"We understand that that's not an ideal situation, but we do want to have some option for our scholars to be able to engage in some kind of learning while we try to work this out," he said.
The district and union are still "far apart" on wages, alleging teachers are seeking a 4.89% raise this year — 2.89 percentage points greater than the increase of 2% the district has proposed, according to Batchelor.
The union has filed an unfair labor practice complaint with the state due to Batchelor talking about specifics of the negotiations so publicly, Courim said.
Both sides say they want to come to an agreement. But the district is also sticking to its guns on contract language that allows school administrators to place teachers in roles and buildings where the district feels teachers will best serve students. Batchelor said the union wants teachers' seniority to be taken into account.
"We believe as a district that is in distress, that has struggled academically, we can't operate like it's 1985," he said.
Youngstown is one of two districts in Northeast Ohio still under state control after years of academic struggles. Lorain was just released from state control in the recent state budget. Some of the contract language under negotiation is required for the school district's attempt to return from state control, Batchelor argued.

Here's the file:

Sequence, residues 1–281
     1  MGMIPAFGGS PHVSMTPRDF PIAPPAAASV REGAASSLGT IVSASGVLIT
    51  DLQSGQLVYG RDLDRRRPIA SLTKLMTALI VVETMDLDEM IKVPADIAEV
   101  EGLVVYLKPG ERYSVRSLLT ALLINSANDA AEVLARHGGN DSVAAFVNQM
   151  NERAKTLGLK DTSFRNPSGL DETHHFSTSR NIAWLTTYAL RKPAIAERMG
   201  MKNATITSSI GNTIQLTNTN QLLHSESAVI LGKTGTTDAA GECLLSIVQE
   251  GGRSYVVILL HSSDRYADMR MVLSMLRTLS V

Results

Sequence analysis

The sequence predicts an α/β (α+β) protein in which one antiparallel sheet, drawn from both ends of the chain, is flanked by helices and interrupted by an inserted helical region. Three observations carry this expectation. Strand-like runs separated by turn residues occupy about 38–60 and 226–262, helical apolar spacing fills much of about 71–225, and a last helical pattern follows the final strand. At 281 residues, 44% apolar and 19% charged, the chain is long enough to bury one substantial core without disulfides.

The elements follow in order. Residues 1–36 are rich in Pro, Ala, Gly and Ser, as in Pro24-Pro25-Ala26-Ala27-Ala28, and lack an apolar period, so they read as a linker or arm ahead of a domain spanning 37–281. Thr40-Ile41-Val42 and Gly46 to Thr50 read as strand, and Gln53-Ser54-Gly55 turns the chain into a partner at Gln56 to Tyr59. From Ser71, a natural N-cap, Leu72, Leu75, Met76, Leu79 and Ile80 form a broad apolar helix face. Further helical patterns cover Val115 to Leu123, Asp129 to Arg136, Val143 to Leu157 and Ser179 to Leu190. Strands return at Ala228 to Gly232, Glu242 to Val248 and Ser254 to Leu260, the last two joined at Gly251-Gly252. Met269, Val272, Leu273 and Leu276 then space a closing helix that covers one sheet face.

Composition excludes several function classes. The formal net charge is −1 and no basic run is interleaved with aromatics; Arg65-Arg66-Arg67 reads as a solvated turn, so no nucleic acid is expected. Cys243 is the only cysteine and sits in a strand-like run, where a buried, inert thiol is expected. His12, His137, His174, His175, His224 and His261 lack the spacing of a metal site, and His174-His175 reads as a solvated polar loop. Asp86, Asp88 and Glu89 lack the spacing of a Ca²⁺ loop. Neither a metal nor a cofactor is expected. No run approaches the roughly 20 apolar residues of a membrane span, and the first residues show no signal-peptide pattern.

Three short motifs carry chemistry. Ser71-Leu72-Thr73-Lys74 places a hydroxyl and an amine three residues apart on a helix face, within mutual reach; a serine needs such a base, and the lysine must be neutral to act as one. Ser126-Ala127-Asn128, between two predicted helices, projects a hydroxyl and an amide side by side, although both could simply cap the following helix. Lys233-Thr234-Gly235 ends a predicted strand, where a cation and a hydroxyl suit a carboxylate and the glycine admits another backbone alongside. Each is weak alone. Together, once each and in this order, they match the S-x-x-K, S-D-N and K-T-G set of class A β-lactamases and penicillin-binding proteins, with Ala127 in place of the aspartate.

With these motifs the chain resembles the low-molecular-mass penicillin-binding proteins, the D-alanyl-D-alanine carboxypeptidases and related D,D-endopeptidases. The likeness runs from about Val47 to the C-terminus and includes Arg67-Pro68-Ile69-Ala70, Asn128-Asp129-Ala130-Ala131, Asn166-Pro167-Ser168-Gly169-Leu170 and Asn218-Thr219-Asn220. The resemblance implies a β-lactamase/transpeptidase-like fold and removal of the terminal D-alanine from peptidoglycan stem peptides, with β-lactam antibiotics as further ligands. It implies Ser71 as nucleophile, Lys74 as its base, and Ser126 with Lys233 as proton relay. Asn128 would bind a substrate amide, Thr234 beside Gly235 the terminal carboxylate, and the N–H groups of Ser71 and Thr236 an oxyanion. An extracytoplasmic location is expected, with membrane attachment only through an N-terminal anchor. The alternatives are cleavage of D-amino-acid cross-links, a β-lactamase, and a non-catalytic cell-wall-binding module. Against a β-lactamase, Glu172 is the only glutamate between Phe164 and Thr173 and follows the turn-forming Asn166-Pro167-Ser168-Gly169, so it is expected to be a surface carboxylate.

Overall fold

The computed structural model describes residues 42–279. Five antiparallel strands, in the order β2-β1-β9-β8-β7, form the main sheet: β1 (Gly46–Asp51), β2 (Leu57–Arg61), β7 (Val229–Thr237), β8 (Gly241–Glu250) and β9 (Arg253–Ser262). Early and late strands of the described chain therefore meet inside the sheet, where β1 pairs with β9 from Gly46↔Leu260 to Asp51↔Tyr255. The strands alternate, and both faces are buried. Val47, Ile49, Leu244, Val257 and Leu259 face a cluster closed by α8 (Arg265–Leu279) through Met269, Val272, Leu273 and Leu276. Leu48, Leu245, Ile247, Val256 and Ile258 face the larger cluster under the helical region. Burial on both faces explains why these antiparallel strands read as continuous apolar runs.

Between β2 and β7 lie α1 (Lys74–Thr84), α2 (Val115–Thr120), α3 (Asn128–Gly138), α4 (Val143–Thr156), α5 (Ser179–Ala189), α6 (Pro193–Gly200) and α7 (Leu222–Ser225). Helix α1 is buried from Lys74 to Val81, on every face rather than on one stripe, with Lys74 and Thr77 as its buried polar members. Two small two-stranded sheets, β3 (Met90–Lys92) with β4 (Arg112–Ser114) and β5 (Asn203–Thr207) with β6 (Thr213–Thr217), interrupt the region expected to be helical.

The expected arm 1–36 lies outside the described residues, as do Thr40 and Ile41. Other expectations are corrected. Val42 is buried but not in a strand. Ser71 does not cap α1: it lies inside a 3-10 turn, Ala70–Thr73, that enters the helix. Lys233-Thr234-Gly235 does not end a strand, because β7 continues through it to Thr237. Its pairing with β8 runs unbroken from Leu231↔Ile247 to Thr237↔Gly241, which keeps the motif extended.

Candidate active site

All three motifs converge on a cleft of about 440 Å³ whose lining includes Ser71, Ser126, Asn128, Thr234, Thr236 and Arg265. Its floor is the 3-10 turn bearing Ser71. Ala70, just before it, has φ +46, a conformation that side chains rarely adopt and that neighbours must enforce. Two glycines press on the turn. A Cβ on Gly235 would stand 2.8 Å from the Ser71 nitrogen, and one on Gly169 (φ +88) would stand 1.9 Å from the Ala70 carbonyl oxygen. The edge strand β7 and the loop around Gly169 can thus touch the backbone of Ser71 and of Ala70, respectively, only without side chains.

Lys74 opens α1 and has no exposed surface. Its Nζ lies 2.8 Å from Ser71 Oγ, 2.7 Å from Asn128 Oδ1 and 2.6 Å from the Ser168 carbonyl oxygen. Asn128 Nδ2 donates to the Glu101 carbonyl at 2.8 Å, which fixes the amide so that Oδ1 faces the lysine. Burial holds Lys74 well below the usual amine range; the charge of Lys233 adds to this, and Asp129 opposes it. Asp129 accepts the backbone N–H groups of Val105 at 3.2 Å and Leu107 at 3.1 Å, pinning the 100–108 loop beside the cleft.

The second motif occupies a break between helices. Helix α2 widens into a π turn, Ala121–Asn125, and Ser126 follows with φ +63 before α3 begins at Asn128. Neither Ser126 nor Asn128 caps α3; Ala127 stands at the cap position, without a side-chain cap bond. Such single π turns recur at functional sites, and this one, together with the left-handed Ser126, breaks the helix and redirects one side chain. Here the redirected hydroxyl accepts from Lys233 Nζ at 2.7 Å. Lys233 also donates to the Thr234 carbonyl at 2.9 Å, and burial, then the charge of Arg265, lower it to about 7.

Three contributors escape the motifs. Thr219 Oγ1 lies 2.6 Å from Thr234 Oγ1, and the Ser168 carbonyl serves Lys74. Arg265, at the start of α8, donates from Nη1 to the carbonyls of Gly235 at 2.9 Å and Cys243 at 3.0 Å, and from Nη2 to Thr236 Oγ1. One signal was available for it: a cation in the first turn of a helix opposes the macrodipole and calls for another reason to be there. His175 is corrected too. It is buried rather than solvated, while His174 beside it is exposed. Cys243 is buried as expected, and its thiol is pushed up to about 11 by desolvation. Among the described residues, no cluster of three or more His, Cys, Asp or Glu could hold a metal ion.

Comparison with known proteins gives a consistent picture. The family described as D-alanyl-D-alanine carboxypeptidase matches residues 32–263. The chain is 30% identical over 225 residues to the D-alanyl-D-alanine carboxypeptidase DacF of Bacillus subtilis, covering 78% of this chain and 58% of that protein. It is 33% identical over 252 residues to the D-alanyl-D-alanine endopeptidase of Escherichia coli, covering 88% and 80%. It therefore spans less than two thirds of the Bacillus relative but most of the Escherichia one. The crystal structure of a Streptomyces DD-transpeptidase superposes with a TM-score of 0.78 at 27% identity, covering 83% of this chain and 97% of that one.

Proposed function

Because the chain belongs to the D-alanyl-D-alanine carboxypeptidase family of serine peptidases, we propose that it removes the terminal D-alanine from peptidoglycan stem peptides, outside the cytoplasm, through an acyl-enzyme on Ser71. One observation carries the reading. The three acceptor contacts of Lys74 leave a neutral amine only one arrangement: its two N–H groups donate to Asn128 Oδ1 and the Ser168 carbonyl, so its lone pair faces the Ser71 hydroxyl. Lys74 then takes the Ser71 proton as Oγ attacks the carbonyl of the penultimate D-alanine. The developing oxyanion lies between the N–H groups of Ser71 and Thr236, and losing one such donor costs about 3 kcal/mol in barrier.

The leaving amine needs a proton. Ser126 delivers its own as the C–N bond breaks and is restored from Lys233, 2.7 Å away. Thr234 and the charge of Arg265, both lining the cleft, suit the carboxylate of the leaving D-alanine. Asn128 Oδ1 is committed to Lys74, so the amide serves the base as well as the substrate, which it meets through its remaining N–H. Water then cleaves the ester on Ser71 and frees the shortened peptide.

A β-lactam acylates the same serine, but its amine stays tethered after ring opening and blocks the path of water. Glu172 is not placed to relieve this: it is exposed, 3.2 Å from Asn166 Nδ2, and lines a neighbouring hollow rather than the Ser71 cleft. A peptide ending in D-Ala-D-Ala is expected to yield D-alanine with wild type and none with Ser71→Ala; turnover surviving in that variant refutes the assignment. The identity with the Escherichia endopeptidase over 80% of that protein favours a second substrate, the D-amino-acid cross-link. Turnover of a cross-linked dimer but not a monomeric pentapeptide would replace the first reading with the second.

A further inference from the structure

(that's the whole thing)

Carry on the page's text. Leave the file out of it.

But the union argues that a top-down approach is no longer working for teachers or their students, and is one of the reasons why the district has been slow to improve students' test scores and other markers of growth.
"When we're talking about professional development for teachers, we would like to have a say in that," he said. "When we're talking about intervention for our students, we'd like to have a say in that we know best how our students learn. And so we would like a seat at the table so that we can talk about that with them, because otherwise... we're giving them something that maybe they (students) have zero interest in."
Some parents who stopped by the strike on Wednesday showed their support for their teachers but said they hope the strike ends soon. Jessica Maxwell has three kids in the district, and she said online learning won’t do them any good.
"My kids are special needs. They can't learn anything online," she said. "They need the teachers to be hands-on, face-to-face. Computers are ridiculous. It defeats the whole purpose of everything."
The pandemic and online learning during that time period set her children back immensely, she said. But hard work from her children's teachers has begun to change that.
Kitty Montero, school nurse at Chaney Middle School, was passing out food and Chromebooks to students Wednesday outside the school. Families and students suffered greatly on the mental health front during the pandemic, which has caused new behavioral challenges for educators and all school staff, she said. She declined to comment specifically on the negotiations between the school district and teachers but said she could understand why teachers are seeking changes, in light of those new challenges.
"I just hope they can get matters resolved quickly," she said, "and we can all come back and be a family again and get these kids back in here."